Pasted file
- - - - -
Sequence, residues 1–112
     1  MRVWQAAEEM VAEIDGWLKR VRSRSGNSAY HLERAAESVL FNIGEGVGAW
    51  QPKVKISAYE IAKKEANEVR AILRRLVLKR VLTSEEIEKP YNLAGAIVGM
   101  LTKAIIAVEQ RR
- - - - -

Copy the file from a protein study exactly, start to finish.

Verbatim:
Sequence, residues 1–112
     1  MRVWQAAEEM VAEIDGWLKR VRSRSGNSAY HLERAAESVL FNIGEGVGAW
    51  QPKVKISAYE IAKKEANEVR AILRRLVLKR VLTSEEIEKP YNLAGAIVGM
   101  LTKAIIAVEQ RR